together, and returns that.  Warning: this is information-lossy,
           and probably not what you want, but if you know that all charsets
           in the ENCODED string are identical, it might be useful to you.
           (Before you use this, please see "unmime" in MIME::WordDecoder,
           which is probably what you want.)  ** See also "Charset" option

           In the event of a syntax error, $@ will be set to a description of
           the error, but parsing will continue as best as possible (so as to
           get something back when decoding headers).  $@ will be false if no
           error was detected.

           * Malformed encoded-words will be kept encoded.  In this case $@
           will be set.

           Any arguments past the ENCODED string are taken to define a hash of
           options.  ** When Unicode/multibyte support is disabled (see
           "USE_ENCODE" in MIME::Charset), these options will not have any

           Charset **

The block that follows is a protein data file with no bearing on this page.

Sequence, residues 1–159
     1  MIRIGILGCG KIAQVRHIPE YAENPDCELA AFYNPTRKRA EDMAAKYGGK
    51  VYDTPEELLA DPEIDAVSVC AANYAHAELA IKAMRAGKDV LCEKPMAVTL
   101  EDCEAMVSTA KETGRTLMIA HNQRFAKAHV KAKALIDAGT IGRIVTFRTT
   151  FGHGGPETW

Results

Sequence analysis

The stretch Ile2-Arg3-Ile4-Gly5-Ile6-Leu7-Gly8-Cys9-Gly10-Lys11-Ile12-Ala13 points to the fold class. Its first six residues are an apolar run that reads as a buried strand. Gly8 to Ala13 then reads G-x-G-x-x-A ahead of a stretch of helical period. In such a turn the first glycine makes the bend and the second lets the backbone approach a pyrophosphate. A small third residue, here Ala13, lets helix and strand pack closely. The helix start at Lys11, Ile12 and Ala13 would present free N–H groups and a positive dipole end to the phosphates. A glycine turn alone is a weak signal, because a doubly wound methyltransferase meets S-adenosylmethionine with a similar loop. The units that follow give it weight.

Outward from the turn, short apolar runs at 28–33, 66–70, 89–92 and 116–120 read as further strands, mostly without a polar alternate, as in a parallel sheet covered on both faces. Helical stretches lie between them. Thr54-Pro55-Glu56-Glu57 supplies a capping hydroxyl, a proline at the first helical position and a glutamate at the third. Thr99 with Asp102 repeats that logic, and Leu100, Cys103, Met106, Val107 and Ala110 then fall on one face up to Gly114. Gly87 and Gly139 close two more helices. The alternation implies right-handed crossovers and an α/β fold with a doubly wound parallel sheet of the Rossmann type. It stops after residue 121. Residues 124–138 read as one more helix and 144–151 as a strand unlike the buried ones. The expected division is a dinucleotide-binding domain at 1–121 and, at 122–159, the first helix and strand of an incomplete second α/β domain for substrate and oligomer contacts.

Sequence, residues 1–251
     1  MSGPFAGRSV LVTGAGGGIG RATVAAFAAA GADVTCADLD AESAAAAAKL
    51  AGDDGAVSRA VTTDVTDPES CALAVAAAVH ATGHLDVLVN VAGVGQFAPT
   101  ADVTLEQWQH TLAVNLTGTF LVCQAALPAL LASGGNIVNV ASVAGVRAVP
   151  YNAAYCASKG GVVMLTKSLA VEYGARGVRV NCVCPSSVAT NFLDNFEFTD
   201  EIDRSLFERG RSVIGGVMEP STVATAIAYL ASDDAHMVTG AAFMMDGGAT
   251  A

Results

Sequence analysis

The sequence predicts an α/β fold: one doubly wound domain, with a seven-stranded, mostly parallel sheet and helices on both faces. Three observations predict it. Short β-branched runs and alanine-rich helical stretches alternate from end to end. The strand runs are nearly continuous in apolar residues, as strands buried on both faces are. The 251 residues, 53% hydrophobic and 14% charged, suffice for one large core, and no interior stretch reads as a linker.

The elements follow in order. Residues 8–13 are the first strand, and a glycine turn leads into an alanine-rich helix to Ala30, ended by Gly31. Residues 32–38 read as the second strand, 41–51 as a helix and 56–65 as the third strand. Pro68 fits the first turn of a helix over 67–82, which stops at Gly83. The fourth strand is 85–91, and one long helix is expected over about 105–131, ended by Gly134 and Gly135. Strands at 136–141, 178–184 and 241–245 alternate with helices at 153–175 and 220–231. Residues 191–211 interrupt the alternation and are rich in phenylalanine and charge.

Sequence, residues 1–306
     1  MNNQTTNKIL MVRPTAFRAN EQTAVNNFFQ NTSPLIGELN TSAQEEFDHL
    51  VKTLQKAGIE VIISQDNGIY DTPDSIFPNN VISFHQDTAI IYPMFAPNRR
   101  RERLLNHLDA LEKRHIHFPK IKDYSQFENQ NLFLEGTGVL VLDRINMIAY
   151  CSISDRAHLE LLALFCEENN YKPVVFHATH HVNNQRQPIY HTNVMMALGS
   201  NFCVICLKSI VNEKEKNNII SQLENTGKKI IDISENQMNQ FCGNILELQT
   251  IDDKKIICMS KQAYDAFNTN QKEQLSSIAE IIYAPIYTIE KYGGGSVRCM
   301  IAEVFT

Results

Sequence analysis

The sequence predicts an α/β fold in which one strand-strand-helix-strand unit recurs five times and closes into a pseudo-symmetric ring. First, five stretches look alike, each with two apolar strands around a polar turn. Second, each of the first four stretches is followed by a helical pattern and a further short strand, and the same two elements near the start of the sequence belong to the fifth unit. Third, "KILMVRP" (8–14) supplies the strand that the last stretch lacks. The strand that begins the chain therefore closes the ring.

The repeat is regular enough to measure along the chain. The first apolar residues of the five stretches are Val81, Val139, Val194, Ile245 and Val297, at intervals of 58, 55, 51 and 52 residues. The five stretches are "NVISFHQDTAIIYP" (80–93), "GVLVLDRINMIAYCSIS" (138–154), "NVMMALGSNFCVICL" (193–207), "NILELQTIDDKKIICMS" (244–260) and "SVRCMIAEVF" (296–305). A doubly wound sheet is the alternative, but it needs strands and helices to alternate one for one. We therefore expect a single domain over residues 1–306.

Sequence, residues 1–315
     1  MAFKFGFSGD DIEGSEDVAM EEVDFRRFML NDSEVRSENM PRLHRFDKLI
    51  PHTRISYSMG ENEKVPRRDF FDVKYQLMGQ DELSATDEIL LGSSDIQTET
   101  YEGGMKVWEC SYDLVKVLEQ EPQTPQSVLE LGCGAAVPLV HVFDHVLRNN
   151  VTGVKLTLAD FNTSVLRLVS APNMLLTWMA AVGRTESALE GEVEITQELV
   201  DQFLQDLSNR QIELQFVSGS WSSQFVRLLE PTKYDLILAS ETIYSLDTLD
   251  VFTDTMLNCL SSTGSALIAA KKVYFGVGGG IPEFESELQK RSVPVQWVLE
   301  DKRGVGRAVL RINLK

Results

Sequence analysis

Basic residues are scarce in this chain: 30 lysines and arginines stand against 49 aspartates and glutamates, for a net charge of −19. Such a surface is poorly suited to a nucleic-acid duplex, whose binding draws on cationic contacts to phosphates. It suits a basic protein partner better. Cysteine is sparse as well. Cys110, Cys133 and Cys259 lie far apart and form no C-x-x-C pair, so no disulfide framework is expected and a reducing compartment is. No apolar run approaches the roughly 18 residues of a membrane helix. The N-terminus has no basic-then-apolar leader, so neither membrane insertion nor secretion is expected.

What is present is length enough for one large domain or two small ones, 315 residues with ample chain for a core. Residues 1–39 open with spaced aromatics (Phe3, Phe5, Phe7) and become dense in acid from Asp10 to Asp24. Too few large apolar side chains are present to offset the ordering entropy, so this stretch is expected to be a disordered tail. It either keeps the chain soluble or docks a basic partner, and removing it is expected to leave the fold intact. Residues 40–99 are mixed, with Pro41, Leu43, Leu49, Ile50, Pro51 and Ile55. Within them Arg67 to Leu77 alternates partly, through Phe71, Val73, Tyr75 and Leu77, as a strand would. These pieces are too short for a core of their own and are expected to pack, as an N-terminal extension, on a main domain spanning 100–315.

Name of character set by which data elements in scalar context
               will be converted.  The default is no conversion.  If this
               option is specified as special value "_UNICODE_", returned
               value will be Unicode string.

               Note: This feature is still information-lossy, except when
               "_UNICODE_" is specified.

           Detect7bit **
               Try to detect 7-bit charset on unencoded portions.  Default is

           Mapping **
               In scalar context, specify mappings actually used for charset
               names.  "EXTENDED" uses extended mappings.  "STANDARD" uses
               standardized strict mappings.  Default is "EXTENDED".

       encode_mimeword RAW, [ENCODING], [CHARSET]
           Function.  Encode a single RAW "word" that has unsafe characters.
           The "word" will be encoded in its entirety.

               ### Encode "<<Franc,ois>>":
               $encoded = encode_mimeword("«François»");